While Julius Caesar feared the Ides of March, for those of us lucky enough to live with a cyclist, it is the whole month of July that we dread. For that can only mean one thing; the agony of the Tour de France.
Although Lance Armstrong, Alberto Contador and Cadel Evans have been getting all the attention, personally, I think the maillot jaune should be awarded to the person who has to share a house with one bloke, two children and ONE television, permanently tuned to SBS.
Here is the average July day in our household:
5.55pm. I pour large glass of wine.
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6.00pm. Husband sprints home from work and displaces children from The Simpsons in order to watch Tour highlights on SBS. Fifteen minute screaming match ensues.
6.10pm. I pour second glass of wine.
6.30pm. All warring parties, none of whom is now speaking to the other, sit down for “family dinner.”
9.30pm to God knows when. Spouse watches live coverage of le Tour.
5.30am. Gets up to go cycling. (In training for something, is it World Masters’ Games? Round the Bay? Have actually forgotten…)
It is now Week Three, and the usual hideous transformation has taken place. Extreme sleep deprivation combined with adrenalin overload has turned him into a shuffling, red-eyed zombie, topped off with a consumptive cough.
I have tried to take an interest, I really have, but it’s hard to tell them all apart; let’s face it, all bicycles look the same, and, when the camera is shoved up their bony backsides, so do all the riders. And, sadly, the only element of sport I’m vaguely interested in — the beefcake factor — is quite low. I’ve seen Lance Armstrong in the flesh, and he is smaller than my 12-year-old. And as for pint-sized Cadel, I’m not sure why his voice is so squeaky, but 25 years of very tight lycra may have something to do with it.
If you want to check out the lean waxed calves of a few Euros, then head to the Italian café in Gouger St, Adelaide in January, where the Spanish team hangs out during the Tour Down Under. But after six hours sitting on a very narrow cycling saddle, do we really think they are capable of getting a leg over the podium girls? Why isn’t Mr Cycling Know-All Michael Tomalaris talking about that?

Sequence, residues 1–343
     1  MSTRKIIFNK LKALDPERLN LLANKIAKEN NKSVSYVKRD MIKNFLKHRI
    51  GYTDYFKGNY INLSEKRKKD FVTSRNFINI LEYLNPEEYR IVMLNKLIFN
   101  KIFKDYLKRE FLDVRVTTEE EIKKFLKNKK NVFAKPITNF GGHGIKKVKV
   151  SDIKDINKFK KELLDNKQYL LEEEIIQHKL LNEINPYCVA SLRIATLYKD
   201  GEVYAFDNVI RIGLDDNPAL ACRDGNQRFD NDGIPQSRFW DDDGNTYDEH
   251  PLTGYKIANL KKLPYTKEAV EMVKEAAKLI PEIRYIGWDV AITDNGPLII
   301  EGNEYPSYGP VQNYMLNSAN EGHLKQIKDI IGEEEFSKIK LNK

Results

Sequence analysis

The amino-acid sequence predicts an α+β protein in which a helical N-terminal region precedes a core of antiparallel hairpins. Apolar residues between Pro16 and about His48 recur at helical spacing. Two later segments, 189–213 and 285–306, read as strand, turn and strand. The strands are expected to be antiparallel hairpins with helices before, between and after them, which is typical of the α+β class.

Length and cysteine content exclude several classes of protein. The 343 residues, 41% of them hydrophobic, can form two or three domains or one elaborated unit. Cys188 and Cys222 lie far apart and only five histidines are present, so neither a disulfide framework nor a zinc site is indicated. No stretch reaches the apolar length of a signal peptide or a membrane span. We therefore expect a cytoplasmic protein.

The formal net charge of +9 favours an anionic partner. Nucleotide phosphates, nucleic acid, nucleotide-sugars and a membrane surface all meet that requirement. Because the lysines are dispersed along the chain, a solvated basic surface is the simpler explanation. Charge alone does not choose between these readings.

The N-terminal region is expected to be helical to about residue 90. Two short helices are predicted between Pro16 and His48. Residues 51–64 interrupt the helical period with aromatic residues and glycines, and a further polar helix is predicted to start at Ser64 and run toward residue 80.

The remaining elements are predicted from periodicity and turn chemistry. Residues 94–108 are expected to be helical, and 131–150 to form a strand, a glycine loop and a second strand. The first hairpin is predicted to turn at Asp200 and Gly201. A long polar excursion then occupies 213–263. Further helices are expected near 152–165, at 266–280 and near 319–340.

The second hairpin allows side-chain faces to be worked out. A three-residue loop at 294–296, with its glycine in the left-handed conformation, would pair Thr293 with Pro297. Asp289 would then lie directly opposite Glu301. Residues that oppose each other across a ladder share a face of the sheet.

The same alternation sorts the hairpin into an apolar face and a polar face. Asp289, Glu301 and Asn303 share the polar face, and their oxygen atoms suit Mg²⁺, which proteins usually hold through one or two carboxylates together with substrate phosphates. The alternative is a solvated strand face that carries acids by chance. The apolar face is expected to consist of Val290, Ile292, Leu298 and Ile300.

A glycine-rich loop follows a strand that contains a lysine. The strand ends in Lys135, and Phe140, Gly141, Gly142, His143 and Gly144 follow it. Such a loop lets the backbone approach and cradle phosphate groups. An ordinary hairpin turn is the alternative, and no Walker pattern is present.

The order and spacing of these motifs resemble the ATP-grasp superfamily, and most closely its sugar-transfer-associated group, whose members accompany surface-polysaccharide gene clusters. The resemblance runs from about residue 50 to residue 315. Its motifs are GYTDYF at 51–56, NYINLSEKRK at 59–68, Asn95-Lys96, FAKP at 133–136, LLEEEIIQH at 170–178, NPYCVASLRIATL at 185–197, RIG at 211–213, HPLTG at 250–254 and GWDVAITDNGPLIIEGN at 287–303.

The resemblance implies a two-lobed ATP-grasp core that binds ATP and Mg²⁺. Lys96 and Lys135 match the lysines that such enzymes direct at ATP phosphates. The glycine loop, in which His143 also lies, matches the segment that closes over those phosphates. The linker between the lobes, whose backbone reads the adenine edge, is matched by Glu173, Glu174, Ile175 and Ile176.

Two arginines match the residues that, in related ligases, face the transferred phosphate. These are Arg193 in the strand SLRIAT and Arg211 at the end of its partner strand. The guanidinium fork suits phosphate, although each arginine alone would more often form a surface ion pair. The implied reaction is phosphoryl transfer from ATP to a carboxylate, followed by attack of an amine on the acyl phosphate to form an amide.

However, it appears I am not alone in my misery. Cycling is so popular in this country it’s been dubbed “The New Golf’”; it’s not hard to see why, as it is the perfect sport for middle-aged men. They can’t compete on performance (they’re too old) but they can compete on the thing that really counts, which is spending money. It is entirely possible to squander a fortune on kit and, get this, ONLY OTHER CYCLISTS WILL NOTICE. This means that you can spend up big without being caught out by the wife.
One of our friends owns several bikes, but his wife thinks there is only one, because she can’ t tell them apart. Another mate had a furious row with her husband when she discovered the invoice from the local bike boutique, not realising that it was only the deposit. And then there’s the clothes; the latest “it” brand is Rapha, which comes from the stable of high-profile British designer Paul Smith. I know the cost of a Paul Smith handbag, and it is chicken feed compared to his designer lycra (unbelievably, that is not an oxymoron). For instance, on the Rapha website there are Grand Tour Gloves, made from “African hair sheep leather.”
According to the copy, “African hair sheep live on the arid savannah of Eastern Africa. To cope with the heat and dry conditions, the hair sheep have extremely thin but strong skin.”
“A road rider using gloves made of hair sheep gets the confidence and feel of riding bare handed, but with the protection and comfort of the highest quality glove on the market.” All for just $US160.
You can see the attraction, can’t you? I think they just ride to Coluzzi, fondle each other’s gloves, drink three short blacks and ride home. Why bother doing any actual cycling?
I could go on and on — there’s the weight obsession, weird eating habits (Lance weighs his food before he eats it), hair removal techniques, supplements and pharmaceuticals (joke), not to mention a brand of Swiss clothing called Assos — who says the Swiss don’t have a sense of humour?
But come July 26, when some tiny, hairless teenager hurtles through the base of the Arc de Triomphe and dons a retina-burning yellow jersey, I will be raising a glass to the end of Dry July (as if) and the Tour de France and the resumption of normal family life.
In the final verse of Pablo Neruda’s Ode to Bicycles, he says:
I thought about evening when the boys wash up, sing, eat, raise a cup of wine in honor of love and life, and waiting at the door, the bicycle, stilled, because only moving does it have a soul, and fallen there it isn’t a translucent insect humming through summer but a cold skeleton that will return to life only when it’s needed, when it’s light, that is, with the resurrection of each day.
Amen to that.